Glenn’s Initial ‘No Man’s Sky’ Impressions


I only got to play about 4 hours yesterday since we had to record the podcast.

It’s not that’s there’s a “story” but I really don’t want to discuss the first hour or so of the game, because it’s pretty special. Obviously, much of it acts as a tutorial of sorts, but It’s better experienced than merely reading about it. That’s actually the core of this game too, “figuring it out” is what it’s all about, and as part of that, the emotions that are evoked as well.

It’s so incredibly easy to lose yourself in exploration and in trying to find the ingredients to craft things that I need. The minutia of mining and crafting is something that I normally don’t like, but the way it’s handled here is great, and I don’t really even think about it. My stream last night was basically an hour of me searching planets for one key ingredient, or to find enough other stuff to sell to be able to afford purchasing it.

The way the game starts too, is very well done, although, I missed naming my 1st planet somehow lol. I’m so eager to keep learning a new language, and my main goal now is to open additional inventory slots so that I’m not constantly shifting materials around. When I mention “learning a new language”, that involves finding objects that act almost as Rosetta Stones littered across different planets. You’ll need to be able to communicate with the different races that you encounter out in the universe, so when you find these objects, you’ll actually start learning a new language, word-by-word. Even in the 4 hours that I played, learning 16 words reaped huge benefits with blueprints for new tech and in gaining additional items. That feeling though, when my ship was scanned by an aggressor, and they found something in my inventory that they wanted, what a rush!. That 1st combat situation was pretty cool, not as in-depth as X-Wing etc, but incredibly solid, and I love that my ship has verbal warnings that warn me when my shields are critical.

And that’s really the thing that sets the game apart from everything else so far, the attention to the right details. I actually got tense when I was lost in what seemed like an endless underground cave. Playing with headphones on, I could hear my character breathing in his helmet, and when I ran, almost choking while gasping for air when I hit my running limit. Things like that pull you into the experience so much.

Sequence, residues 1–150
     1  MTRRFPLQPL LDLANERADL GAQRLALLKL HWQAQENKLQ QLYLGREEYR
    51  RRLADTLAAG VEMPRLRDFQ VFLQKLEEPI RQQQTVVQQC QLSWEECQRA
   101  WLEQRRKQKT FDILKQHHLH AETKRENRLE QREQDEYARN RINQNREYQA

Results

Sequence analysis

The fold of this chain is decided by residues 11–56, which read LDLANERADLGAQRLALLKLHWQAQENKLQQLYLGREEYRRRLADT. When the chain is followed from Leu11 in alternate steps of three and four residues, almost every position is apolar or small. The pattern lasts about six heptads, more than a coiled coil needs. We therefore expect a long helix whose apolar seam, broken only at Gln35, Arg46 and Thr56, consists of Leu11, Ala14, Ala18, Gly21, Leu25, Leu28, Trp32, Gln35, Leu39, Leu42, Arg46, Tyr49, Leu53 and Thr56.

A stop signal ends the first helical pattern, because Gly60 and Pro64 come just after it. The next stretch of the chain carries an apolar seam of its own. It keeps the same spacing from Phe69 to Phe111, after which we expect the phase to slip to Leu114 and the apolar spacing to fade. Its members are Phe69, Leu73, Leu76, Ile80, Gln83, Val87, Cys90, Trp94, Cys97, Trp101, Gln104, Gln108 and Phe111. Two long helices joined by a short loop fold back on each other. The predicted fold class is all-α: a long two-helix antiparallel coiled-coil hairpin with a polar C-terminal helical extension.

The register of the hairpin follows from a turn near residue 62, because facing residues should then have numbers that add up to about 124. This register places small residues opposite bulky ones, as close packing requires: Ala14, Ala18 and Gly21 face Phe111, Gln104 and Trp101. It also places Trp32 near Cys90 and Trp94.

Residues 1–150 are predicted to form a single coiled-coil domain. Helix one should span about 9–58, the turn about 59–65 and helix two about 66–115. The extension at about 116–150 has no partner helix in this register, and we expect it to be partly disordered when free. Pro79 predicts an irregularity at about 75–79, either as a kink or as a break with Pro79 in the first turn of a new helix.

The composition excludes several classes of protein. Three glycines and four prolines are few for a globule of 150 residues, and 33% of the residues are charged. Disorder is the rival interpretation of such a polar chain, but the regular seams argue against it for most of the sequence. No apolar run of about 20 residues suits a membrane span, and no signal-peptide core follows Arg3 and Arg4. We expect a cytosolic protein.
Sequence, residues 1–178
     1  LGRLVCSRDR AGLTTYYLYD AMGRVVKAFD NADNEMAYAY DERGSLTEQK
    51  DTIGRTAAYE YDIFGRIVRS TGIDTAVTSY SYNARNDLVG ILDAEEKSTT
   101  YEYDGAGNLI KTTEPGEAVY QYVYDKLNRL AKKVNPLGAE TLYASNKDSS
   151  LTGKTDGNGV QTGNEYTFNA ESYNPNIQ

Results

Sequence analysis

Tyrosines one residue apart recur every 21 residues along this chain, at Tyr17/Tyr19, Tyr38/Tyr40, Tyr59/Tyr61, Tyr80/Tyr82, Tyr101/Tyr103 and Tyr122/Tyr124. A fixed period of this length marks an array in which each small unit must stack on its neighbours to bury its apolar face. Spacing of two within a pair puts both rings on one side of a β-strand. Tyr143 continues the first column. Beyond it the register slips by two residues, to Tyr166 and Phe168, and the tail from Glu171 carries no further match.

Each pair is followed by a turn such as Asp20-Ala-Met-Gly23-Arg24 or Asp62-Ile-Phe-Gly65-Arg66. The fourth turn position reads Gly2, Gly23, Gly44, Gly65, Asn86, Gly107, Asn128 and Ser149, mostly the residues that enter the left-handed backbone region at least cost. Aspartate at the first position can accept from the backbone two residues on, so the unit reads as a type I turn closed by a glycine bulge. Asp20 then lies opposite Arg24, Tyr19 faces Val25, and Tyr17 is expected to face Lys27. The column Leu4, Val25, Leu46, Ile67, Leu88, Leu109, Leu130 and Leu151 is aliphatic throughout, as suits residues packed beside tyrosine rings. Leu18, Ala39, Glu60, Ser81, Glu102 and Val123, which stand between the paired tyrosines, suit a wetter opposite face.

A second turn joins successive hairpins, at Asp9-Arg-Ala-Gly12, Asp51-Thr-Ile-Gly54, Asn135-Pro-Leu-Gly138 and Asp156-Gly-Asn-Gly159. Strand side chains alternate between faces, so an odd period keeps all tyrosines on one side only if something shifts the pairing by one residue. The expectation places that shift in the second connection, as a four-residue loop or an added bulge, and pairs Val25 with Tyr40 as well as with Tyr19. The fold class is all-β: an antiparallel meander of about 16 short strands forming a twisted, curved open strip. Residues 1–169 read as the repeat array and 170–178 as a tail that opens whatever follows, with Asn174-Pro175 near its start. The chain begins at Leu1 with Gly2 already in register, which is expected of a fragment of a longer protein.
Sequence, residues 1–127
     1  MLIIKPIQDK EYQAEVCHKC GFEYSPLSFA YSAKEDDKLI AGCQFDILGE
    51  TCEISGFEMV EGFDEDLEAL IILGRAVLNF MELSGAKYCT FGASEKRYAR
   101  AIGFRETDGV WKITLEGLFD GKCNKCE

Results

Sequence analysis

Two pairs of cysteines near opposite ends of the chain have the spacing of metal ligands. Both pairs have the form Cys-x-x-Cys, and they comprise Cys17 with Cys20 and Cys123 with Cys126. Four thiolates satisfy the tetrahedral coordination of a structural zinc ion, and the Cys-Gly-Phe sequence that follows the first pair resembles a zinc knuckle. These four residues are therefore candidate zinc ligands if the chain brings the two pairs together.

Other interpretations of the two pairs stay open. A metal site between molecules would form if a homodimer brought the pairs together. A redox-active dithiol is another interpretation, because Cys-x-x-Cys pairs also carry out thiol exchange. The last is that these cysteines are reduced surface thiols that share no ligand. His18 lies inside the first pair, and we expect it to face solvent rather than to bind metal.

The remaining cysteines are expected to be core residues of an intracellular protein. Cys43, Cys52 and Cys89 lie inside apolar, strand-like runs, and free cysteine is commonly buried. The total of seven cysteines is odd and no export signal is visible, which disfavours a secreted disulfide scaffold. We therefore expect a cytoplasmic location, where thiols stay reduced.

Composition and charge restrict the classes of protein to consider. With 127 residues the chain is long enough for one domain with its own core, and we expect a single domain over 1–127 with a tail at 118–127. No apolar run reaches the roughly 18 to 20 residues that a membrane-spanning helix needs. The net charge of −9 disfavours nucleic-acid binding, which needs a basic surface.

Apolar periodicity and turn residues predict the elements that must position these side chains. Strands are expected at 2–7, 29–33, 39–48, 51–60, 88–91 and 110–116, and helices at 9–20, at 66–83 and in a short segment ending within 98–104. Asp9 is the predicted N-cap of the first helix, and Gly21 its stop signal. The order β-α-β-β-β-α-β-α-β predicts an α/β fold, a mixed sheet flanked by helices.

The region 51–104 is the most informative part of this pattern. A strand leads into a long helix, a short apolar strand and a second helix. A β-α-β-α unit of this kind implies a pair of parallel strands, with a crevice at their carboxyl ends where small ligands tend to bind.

We’ll see if it continues to hold my interest, but I’ll never be able to describe that feeling the first time I flew up to a Space Station and hit the button to dock, which took me into an enormous hangar and let me disembark my ship so I could wander around. For a sci-fi nerd, that was simply stunning.

I just can’t give enough credit to the hard work that the small team at Hello Games put forth. You can’t deny the scope, scale, and detail that No Man’s Sky offers gamers. It’s quite breathtaking.

Written by Glenn Percival

Glenn Percival

Just a guy that loves games, movies, Golf, Football, and Baseball.

Podcast Co-Host, Editor-in-Chief, Video Producer, and whipping-boy

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  • Joshua Simpkins

    Oh man… The press and users on Metacritic are eating this game alive… I can’t wait to see what the good folks here at PSNation potentially have to say in this game’s defense, or join the lynch mob. LOL

    • J.D. Dabbs

      I really love what I have played. I’m just running into a wall. I can effectively keep jumping toward the center of the Galaxy now without doing much more than mine for warp fuel. That seems a little disappointing. I haven’t seen a need to upgrade further for some time. I’m also hoping this Atlas thing gives me more purpose. I only have V1 Atlas Pass, so there is potential for something bigger. Atlas is just a bit too obscure. It is there, but there is no real obvious reason to figure out what it really is.
      And most of my animals look strikingly similar even across systems. They look like badgers with horns and armadillo shells or giraffes with only 2 legs and occasionally a dinosaur part.
      If they keep working on it, this game could be truly epic! It’s just starting to get repetitive. For all its beauty, it hasn’t much to do but mine, craft and learn languages.

  • J.D. Dabbs

    After 20 hours I have enough upgrades to hold my own against the pirate fighters and planet sentinels. I’m finding no continued need or reason to upgrade. All I have done for the last few hours is fuel my warp drive and try to find Atlas posts and explore planets for knowledge in languages. Almost all the blueprints I find now are “already known” and…let’s face it…almost all the planets are either expansive deserts with caves, island clusters with caves, or forrests with caves. The weather is different from planet to planet, but it would be nice if each planet had different climate zones at least. Even the plants are repeating quite a bit. If you see one zinc-plant, you’ve seen them all on every planet…even if it goes by a new name on each planet.
    I’m hoping (after several system jumps closer to the center) that things start changing up a bit.
    And the water NEEDS FISH and sea monsters and a reason to explore it.
    I love this game. I want to keep loving it. I am just not excited over mining stuff so much anymore.